As such, by employing strategies that address each phase in a specific way the reader is able to cultivate a critical skill of self-conscious reading. Also, a reader is better able to understand that a variety of reading techniques are required in order to understand and actively engage with a text.
This paper will critically review a selection of reading strategies to demonstrate their benefits to teaching and learning of reading non-fictional texts. Firstly, before-reading will be discussed and reference made to the technique of using an Anticipation Guide. Secondly, during-reading will be presented with an example of the Anolighting Text method. Next, after-reading will be reviewed with reference to Organizational methods. Following, the implications of presented reading strategies for teaching practice will be outlined, and recommendations made for implication within the classroom. Finally, a conclusion shall synthesize the main points of the paper to illustrate the critical benefit of reading strategies for student understanding and conceptualization of non-fictional texts.
The before-reading phase is where the reader determines within themselves the purpose of reading the text, and develops a tentative plan as to how to approach the reading endeavor (Beers, 2000). It is suggested that before a reader begins on a text that they take the time to survey the material so as to get an overall 'feel' for the material, before attempting to tackle link the details (Fairbrain, 2000). The first step suggested by Fairbrain is to understand the title of the article or text to be read. This requires careful reading to identify the key words used. For example "definition", "effect", "review", "comparison" or "analysis" (Duffy et al., 1987). A definition will aim to differentiate a concept/process from other members of the class by listing the term's distinguishing characteristics. An effect will seek to identify a cause that directly leads to a consequence (effect) that requires tracing probable or known effects of a certain cause or examining one or more effects and discussing the reasonable or known cause(s). A review will present a series of research that discusses the findings and conclusions of previous studies by aggregating data to present the overall scope of the topic to date. Whereas a comparison will seek to detail how X differs and shares similarities with Y. An analytic paper will aim to break down a concept/process into it component parts so as to determine the actual parts that exist, their functions, structure and implications. Analysis involves breaking something down into its components and discovering the parts that make up the whole.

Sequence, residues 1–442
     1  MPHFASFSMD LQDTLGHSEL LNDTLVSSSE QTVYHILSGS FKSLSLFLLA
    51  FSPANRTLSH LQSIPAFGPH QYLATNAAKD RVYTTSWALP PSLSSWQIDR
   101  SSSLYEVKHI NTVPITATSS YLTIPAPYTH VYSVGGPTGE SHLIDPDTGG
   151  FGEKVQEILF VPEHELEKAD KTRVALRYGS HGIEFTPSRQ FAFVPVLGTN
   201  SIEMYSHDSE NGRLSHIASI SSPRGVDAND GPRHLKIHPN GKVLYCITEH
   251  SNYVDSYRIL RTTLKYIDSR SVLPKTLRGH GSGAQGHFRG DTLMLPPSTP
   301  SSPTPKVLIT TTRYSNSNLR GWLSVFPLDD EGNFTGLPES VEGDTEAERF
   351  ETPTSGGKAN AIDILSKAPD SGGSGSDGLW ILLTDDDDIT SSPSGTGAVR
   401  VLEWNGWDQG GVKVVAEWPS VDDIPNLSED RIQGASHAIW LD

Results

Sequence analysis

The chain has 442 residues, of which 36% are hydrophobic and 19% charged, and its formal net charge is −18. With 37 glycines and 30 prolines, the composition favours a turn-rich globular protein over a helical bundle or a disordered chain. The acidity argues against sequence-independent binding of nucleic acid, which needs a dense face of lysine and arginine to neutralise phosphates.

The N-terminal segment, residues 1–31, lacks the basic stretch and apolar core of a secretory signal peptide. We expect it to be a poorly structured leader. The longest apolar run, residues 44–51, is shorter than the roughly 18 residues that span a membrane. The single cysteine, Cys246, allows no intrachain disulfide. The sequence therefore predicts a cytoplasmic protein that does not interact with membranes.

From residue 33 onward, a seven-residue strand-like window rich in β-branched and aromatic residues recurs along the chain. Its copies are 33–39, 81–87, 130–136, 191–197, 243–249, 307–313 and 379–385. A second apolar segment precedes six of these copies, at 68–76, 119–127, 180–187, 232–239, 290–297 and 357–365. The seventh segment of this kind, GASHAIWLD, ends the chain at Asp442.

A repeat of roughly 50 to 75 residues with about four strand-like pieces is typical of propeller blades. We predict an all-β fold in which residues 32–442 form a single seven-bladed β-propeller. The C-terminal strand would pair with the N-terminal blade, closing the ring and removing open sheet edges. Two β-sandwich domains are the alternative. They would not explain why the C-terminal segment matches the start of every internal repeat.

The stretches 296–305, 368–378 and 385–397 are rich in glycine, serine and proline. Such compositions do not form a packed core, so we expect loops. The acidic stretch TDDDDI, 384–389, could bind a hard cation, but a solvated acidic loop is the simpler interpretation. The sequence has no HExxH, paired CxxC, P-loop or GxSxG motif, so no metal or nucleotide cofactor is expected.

However, it is clear that this step will only occur when the reader has a good grasp on the language of critical reading. As such, those readers who are new to a discipline could be expected to have difficulty with the above terms with regard to their academic definition. Further, students of low self-efficacy may find themselves confronted by academic terminology and 'jingoism' to